Thursday, December 19, 2013

The “interpretation” of “God’s Word” is NOT “God’s Word”

This was a clever commercial. But with respect to
Roman Catholicism, the trucks are moving in
opposite directions, and “development”
just simply fails to bridge the gaps. 
As I mentioned earlier, I’ve been in a long and wide-ranging discussion over at Darryl Hart’s “Old Life” site, with a commenter who goes by the handle “Cletus Van Damme” (“CVD” below).

At first, he seemed to be knowledgeable, and able to appreciate some of the finer distinctions to be made with respect to understanding doctrines, but over time he just seemed to fall back on some of the cliché methods of Roman Catholic apologetics, providing his own “infallible interpretations” in defense of some inconsistencies that Rome had imbibed in.

For example, when I questioned him about the historical way that “the hierarchy” was fastened onto the leadership of the church, and the different ways that Trent, Vatican I and Vatican II subsequently described those in very different ways, he made the claim that the “hierarchy” as described by Trent in existed both “seed form” and “explicit” at the same time, for example, despite Trent’s firm affirmations that this was both “explicit” and “visible”. “Some people just spoke that way”, he said, ignoring so-called conciliar authority.

In any event, what follows is probably going to be my concluding comment on the thread, which I offer here as a pretty good summary both of “development” (as seen properly, and as used improperly in Roman Catholic apologetics), as well as a summary of my own intense dislike for Roman Catholicism.

CVD: You are saying if something is the fruit of post-New Testament development, that it must be a non-Scriptural development.

Let me show you an example. Here is how “reflection” on the Trinity becomes “development”:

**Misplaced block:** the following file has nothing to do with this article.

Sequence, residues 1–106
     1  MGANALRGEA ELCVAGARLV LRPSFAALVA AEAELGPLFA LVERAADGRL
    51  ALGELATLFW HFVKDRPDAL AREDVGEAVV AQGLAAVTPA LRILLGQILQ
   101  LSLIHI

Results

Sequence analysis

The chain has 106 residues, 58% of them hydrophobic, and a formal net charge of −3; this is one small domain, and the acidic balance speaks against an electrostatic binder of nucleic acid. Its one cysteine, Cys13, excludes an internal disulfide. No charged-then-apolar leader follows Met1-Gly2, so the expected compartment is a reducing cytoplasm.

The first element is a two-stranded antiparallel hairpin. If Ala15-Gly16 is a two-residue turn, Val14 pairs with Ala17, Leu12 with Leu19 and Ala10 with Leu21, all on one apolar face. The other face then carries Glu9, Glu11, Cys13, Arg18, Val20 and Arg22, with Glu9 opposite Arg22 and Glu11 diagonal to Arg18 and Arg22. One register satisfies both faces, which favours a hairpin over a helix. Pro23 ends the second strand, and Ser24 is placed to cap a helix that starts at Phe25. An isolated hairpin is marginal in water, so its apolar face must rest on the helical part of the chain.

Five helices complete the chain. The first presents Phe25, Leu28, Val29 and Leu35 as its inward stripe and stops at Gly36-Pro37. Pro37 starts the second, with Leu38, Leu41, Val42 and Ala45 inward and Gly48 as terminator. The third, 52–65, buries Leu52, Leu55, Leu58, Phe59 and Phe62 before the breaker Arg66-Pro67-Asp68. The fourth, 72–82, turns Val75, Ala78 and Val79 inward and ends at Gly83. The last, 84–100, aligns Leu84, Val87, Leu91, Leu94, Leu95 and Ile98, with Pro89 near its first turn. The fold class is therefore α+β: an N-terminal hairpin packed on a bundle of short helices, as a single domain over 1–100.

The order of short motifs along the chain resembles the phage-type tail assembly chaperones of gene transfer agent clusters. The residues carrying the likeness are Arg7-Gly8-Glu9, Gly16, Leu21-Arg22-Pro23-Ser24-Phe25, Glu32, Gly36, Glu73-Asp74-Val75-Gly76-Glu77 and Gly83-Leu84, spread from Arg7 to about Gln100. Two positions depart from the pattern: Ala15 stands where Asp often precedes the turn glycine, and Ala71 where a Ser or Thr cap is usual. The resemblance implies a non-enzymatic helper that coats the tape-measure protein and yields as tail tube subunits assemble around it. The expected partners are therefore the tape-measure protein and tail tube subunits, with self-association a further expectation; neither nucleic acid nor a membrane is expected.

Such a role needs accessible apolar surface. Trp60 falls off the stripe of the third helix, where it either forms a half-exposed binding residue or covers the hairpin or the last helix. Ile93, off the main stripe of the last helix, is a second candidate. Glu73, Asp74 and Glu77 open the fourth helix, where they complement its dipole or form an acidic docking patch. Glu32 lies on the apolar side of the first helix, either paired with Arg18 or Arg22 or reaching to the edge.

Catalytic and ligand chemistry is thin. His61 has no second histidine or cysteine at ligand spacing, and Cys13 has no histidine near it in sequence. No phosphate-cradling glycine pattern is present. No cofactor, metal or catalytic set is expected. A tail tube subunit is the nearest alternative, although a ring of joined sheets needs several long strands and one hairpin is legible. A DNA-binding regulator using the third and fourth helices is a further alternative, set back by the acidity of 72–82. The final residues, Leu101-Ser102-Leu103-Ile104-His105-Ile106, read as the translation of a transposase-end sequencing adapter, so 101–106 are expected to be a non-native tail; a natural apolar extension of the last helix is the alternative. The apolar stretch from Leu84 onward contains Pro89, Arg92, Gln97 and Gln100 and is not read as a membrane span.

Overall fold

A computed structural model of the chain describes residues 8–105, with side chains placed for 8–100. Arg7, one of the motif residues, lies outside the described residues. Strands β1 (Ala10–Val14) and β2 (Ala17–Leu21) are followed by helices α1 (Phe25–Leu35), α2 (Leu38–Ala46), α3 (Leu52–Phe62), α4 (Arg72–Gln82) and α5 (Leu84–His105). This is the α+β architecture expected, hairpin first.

The term “Trinity” is not a Biblical term, and we are not using Biblical language when we define what is expressed by it as the doctrine that there is one only and true God, but in the unity of the Godhead there are three coeternal and coequal Persons, the same in substance but distinct in subsistence. A doctrine so defined can be spoken of as a Biblical doctrine only on the principle that the sense of Scripture is Scripture. And the definition of a Biblical doctrine in such un-Biblical language can be justified only on the principle that it is better to preserve the truth of Scripture than the words of Scripture. The doctrine of the Trinity lies in Scripture in solution; when it is crystallized from its solvent it does not cease to be Scriptural, but only comes into clearer view. Or, to speak without figure, the doctrine of the Trinity is given to us in Scripture, not in formulated definition, but in fragmentary allusions; when we assemble the disjecta membra into their organic unity, we are not passing from Scripture, but entering more thoroughly into the meaning of Scripture. We may state the doctrine in technical terms, supplied by philosophical reflection; but the doctrine stated is a genuinely Scriptural doctrine.

(from a Triablogue article series on “Warfield on the Trinity”)

In this way, the Trinity, Christology, and similar kinds of doctrines are “deduced from Scripture” “by good and necessary consequence”.

Critics of Newman’s theory distinguish two kinds of development.

The example above is an example of the first type of “development” (which is based upon the OT citations I mentioned above and the 275 various references to the Holy Spirit, plus the observation of the early “explosion” of the worship of Jesus in the NT and in history) -- where the doctrine “lies in Scripture in solution”. The raw elements are in Scripture, and they are extracted and “systematized” from those elements, and in that way they are brought into a sharper focus. This kind of development is legitimately Scriptural.

That is distinguished from a second kind which is not Scriptural -- the “raw materials” are NOT contained in Scripture or in the words of Scripture -- they are fashioned from what is said to be “implicit”, but this is a euphemism for “what is more or less pure speculation, with no Scriptural warrant”.

Dr. William Witt presented several examples of the second type of “development”, which are largely crafted out of non-Scriptural speculations: